Fighting Light.. what is the problem?

tiny_recy_mac

Old-Salt
Tbh I don't think we were far behind, the 'lightweight' desert dpm and mtp combats had a disposable feel to them as did the boots. Tbh everything (Inc my rifle) was pretty knackered by the time we'd done PDT and the tour so would've wanted chucking regardless.

I think there will always be a few items that will need be the best money can buy (PPE, boots, weapons, rations) but other things are massively over engineered like that new cleaning kit, it's bigger than my daysack
Agree - we have XX rifles in our armory and Y GPMGs yet we have a 'multi role' cleaning kit for every weapon meaning we have 'X+Y' GMPG cleaning kit parts when we only need 'Y'. How this is cheaper is beyond me.

I have also witnessed the purple one (PBUH) walking through the workshop come weapon cleaning nights convincing people to either use the GPMG pull through eye or flannelette on the SA80 and departing in a flash of purple smoke to the sound of one of the armourers turning the air blue!
 
One marvelous piece of kit you have now is the Goretex bivvy bag. In most situations I would suggest that is part of belt-order, not left in the main pack with the sleeping bag. Add a space blanket for where it is cold at night.
A very small weight addition - some shelter from wind, rain, cold when situation doesn't go as planned.

Defeats the object of fight light

It’s basically JIT
 
It is horses for courses . WW2 , North Africa, blokes with battle dress, helmet , weapon , and suffering with only , what 1 or 2 pints of water a day. Compo was shite and no fresh for months. Still they did it .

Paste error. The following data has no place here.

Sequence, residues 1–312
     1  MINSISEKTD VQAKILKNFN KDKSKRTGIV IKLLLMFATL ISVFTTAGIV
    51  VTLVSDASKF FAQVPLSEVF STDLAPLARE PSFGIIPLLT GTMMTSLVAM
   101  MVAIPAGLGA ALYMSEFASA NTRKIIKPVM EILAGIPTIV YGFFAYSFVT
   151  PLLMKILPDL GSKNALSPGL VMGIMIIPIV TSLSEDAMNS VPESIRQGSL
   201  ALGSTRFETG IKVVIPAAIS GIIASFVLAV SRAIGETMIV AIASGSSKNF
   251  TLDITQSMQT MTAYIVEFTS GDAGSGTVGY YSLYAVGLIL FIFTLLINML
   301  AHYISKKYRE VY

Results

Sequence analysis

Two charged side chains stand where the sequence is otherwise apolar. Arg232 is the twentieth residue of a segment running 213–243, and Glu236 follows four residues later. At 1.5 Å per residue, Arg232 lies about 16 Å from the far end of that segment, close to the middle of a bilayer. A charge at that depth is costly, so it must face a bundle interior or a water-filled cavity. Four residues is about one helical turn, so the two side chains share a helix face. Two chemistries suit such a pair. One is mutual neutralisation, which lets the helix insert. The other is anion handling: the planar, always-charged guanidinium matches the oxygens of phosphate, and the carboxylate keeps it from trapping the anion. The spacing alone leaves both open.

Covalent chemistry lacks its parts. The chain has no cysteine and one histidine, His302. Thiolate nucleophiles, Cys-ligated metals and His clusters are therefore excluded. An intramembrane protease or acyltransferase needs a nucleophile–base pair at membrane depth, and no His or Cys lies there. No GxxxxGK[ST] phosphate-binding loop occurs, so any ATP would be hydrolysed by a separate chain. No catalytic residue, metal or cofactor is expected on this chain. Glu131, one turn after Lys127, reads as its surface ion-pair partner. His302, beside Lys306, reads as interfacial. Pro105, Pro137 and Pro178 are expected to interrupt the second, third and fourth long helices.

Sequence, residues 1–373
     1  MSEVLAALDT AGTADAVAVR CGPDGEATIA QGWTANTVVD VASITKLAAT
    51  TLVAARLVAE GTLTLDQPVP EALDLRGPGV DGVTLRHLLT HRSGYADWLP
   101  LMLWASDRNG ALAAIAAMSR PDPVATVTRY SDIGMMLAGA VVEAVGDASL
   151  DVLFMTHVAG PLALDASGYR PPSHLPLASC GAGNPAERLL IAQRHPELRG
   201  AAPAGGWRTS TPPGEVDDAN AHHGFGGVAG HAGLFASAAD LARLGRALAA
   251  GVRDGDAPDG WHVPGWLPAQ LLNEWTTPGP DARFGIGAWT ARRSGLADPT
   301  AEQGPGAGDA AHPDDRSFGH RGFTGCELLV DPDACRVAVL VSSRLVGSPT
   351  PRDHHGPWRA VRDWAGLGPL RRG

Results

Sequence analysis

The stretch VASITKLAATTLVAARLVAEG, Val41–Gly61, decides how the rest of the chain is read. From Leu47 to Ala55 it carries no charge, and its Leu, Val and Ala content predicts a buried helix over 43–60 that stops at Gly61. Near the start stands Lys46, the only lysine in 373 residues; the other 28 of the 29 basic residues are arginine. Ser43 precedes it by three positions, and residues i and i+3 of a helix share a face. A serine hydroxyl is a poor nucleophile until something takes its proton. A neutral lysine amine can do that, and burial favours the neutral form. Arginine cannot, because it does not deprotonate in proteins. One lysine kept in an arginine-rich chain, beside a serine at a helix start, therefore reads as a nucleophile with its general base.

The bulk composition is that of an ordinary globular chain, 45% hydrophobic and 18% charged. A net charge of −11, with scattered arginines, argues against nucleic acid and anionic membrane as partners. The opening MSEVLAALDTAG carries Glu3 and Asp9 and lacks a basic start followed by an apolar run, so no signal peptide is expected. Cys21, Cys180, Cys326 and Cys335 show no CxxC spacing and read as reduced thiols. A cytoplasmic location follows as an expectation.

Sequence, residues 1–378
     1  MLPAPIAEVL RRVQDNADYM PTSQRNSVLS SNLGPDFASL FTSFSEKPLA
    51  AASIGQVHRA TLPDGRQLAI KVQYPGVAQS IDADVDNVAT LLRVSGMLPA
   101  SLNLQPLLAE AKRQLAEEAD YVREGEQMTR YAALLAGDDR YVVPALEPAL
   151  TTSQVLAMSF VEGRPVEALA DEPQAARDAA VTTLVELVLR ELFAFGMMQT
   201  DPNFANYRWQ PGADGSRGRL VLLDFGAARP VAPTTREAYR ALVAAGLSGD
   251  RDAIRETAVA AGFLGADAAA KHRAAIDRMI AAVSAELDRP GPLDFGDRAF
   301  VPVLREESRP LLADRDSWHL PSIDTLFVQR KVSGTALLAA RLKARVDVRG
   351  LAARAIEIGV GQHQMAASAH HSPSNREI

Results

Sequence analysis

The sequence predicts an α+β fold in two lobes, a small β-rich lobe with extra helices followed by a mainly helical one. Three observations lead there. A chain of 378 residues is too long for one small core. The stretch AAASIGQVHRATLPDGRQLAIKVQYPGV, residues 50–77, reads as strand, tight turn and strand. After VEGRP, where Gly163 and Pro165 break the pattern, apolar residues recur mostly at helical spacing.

Interesting. Mobile kit carriers perhaps? Much like the old Bren carriers with their attached sections.

Blokes in the bit of the sandpit where I work operate using Toyota HiLux pick ups, 20 to a pick up. They all pile on with their kit and off they go. They're small and skinny without a lot of shit to drag around, so it's feasible for them.

A mate who does a lot of camping in the kangene with his family using a 4X4 (he's Kenyan so calls it a safari in a velly porsh accent don'ty'know) issues his missus and kids an ammo box each. Whatever goes in there they can take along, the rest stays behind or on their laps or being worn.

Combining the two ideas, perhaps a mobile unit like the Oz bushmaster, individual ammo box type lockers in the seats for the crew and troops attached, rack to sling rucksack/body armour/chest webbing depending what isn't being used in that particular role. Basic kit is belt kit or shooter's belt with rifle, helmet and two mag pouches and two water bottles. Everything else is in the vehicle to be swopped out or worn as required, a bit like the local fighters here who are attached to the vehicle as a mobile unit. Integral water tank in the vehicle for the troops instead of the jerry cans, coke bottles and 50 gallon drums we find in the HiLux. If the vehicle is disabled but the crew and troops are OK, pretty much everything can be carried out or quickly transferred to a new vehicle in a modular way.

It's more a conventional warfare thing but can be used for light fast moving patrols with three units laagered up with one attached troop as security and the other two patrolling. Not the heavy and slow WP BTR stuff we see the combatants using in Ukraine but a more mobile type of warfare with adaptability for COIN.
Mozambique? Or parts northern?